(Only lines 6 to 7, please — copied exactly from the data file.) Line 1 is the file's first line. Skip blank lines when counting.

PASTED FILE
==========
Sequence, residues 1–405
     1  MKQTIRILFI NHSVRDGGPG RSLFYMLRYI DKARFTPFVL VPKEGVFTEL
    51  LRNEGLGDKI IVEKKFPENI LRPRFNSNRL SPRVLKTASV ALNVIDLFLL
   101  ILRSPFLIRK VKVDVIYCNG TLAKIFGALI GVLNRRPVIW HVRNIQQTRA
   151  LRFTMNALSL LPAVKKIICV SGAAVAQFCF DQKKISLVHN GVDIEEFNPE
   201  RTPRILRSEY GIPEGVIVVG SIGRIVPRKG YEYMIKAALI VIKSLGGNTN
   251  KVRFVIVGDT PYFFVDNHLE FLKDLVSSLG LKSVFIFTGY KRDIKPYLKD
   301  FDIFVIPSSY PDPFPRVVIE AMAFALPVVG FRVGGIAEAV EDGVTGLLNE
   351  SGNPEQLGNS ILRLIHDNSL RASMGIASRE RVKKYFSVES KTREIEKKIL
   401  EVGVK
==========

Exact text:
   201  RTPRILRSEY GIPEGVIVVG SIGRIVPRKG YEYMIKAALI VIKSLGGNTN
   251  KVRFVIVGDT PYFFVDNHLE FLKDLVSSLG LKSVFIFTGY KRDIKPYLKD